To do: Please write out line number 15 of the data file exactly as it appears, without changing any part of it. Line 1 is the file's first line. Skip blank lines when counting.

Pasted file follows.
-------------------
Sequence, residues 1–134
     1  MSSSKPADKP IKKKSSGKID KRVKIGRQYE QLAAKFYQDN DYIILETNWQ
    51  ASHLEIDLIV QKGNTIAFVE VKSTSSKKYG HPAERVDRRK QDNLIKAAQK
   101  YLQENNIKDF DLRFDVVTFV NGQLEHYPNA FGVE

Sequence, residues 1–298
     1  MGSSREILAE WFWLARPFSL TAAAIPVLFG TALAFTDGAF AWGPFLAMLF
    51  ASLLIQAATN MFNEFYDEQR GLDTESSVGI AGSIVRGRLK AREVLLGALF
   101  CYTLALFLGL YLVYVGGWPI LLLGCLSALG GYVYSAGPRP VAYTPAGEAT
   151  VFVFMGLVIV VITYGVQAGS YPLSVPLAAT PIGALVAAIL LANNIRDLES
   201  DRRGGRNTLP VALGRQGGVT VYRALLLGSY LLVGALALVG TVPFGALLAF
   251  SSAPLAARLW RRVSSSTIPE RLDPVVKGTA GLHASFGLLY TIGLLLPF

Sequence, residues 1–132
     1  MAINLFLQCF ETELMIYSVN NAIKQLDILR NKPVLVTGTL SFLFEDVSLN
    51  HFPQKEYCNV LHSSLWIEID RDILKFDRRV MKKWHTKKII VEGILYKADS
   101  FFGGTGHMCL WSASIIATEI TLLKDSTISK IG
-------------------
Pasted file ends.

   101  FFGGTGHMCL WSASIIATEI TLLKDSTISK IG